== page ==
All of those logistical problems and associated extra costs which I have outlined above would go right away when you consider other options that these moneybag-Mexican-drug-lords would likely have for themselves instead.

    First, international small arms dealers, ones like the main character played by Nicolas Cage in that “Lord of War” movie, could very well be selling military-grade weaponry to the Mexican drug cartels directly. All it would probably take is just one or two cargo containers full of firearms and other military hardware, arriving at some Mexican marine terminal every now and then, with bribes paid out to all the right people. This method would be a much more efficient way to quickly amass a sizable weapons cache than even a dozen secret smuggling tunnels under the USA-Mexico border any day.

    Then there’s the Latin American crackpot and neo-Marxist dictator of Venezuela, Hugo Chavez. He is believed by those in the know to be allowing cocaine export shipments to originate from his regime’s military bases for cash, ones which likely then go straight on up to Mexico. Thanks to the Russians and the Chinese, Hugo Chavez has plenty of military hardware too, so perhaps he might be selling or giving some of that as well to the Mexican drug cartels.

    Furthermore, there are very likely also corrupt Mexican military personnel who are assigned to the supply facilities and armories of the Mexican military. This might be the true source for some of the Mexican drug cartel’s .50 caliber Barrett M82A1 sniper rifles. Barrett sold plenty of these rifles to the Mexican military back in the 1990’s.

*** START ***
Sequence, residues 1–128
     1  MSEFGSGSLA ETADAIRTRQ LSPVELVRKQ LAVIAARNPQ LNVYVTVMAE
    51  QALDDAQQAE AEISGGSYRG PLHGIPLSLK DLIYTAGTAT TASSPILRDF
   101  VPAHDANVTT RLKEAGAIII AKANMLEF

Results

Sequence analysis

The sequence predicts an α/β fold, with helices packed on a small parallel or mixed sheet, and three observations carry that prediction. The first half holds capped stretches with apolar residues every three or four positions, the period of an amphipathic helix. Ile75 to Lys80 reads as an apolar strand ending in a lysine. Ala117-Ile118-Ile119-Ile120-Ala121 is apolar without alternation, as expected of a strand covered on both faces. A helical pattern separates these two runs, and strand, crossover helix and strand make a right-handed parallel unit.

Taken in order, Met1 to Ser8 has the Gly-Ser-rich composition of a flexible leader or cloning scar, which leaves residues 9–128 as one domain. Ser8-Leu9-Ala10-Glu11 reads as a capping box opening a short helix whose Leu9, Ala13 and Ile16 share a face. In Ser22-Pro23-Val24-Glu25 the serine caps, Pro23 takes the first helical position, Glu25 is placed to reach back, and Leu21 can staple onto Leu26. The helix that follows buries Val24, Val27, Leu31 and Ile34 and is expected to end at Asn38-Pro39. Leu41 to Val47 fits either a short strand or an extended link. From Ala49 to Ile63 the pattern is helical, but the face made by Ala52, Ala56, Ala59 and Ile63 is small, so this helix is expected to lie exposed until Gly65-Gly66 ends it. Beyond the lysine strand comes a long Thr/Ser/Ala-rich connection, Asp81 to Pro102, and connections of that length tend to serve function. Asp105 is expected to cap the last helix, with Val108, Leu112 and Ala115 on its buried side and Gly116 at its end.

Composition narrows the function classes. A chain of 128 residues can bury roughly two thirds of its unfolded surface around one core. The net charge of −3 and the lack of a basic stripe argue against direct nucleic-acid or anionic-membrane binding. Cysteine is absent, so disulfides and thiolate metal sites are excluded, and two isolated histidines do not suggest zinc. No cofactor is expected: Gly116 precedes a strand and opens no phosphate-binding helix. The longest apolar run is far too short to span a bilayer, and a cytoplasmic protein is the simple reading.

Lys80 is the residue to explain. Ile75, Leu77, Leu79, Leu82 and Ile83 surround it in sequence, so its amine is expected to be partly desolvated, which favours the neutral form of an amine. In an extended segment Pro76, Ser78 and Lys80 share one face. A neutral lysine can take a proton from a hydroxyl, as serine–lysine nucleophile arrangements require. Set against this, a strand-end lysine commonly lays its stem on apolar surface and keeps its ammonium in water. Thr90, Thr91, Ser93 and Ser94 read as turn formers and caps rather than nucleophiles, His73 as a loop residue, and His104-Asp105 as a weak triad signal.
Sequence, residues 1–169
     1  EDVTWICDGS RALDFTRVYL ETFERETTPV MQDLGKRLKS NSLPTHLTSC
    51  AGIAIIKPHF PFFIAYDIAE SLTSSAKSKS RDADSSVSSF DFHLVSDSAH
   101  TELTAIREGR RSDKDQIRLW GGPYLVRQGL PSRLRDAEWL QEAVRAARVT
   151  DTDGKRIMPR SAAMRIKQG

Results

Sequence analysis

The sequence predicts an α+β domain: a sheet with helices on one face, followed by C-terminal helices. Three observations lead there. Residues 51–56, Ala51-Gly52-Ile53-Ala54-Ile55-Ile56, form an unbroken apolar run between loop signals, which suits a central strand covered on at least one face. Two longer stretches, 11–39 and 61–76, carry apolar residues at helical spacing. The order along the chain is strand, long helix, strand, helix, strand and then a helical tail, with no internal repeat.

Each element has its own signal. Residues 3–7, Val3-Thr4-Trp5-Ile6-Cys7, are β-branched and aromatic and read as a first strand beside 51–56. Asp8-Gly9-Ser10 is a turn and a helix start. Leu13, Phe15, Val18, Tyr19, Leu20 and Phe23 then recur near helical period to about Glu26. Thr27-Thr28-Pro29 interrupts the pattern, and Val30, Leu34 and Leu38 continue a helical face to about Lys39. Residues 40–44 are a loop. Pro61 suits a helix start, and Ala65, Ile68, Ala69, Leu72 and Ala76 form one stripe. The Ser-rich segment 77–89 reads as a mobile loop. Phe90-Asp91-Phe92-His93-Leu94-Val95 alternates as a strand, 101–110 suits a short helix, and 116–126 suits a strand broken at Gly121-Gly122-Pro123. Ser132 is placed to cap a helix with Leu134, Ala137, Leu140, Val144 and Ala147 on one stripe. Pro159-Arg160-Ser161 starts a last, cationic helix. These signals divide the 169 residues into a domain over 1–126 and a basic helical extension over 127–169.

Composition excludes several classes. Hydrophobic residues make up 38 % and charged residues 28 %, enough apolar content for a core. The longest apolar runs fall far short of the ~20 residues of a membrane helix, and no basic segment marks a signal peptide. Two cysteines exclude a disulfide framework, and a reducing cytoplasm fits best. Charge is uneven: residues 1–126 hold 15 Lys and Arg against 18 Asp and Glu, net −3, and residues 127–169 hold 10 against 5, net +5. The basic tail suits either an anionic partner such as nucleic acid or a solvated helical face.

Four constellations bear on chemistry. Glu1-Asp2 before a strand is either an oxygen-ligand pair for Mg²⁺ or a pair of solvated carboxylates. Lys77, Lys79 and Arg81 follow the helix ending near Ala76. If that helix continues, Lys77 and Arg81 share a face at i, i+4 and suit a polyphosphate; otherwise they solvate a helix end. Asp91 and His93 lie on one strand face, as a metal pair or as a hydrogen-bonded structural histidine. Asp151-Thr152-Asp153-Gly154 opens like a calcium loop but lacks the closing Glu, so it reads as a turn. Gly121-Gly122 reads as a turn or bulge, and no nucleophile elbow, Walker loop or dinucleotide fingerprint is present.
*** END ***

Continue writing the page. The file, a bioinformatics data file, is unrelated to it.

If these Mexican drug cartels have the means to covertly set up whole fleets of custom-built submarines for smuggling purposes, they could very well even have some of their small arms needs met by having firearms and/or ammunition domestically made in Mexico just for them, too. That’s just what a multi-billion-dollar criminal enterprise can do.

  5. I woke up to this hearing and was struck by how blatantly some of the anti-gun Senators were “leading the witnesses,” and struck even more by how persistently the panel refused to take the bait — even to the point of visibly irritating their questioners, a risky thing for a bureaucrat to do.

    If there were a true tidal-wave of gun legislation underway, every one of those bureaucrats would have jumped at the chance to get on the gravy train for new gun-control-related powers and budget line-items.

  6. JokersWild says:

    Senator Feinstein really should be worry about her state’s imploding budget rather than assaulting the Constitution. Take care of your own house first before you try to burn mine down.

  7. Dave Hardy says:

    My Border Patrol friends say the cartels want serious equipment — grenades, AK-47s (the real ones), RPGs. Those probably come from various leftist guerrilla movements, with which the cartels have ties, or from bribed members of the Mexican Army.

    Also “traced back to an American gun dealer” includes every gun sold in the US, including stolen ones. Press loves to suggest that it means something more immediate.

  8. John Steele says:

    Congressional hearings are Kabuki theatre. They are only designed to get camera time for the CongressCritters and to elicit testimony in support of positions that Senators and Representatives have already decided thought the special interest groups that control them. You could have every law enforcement organization in this nation testify that guns are a good thing and the congress will ignore them all.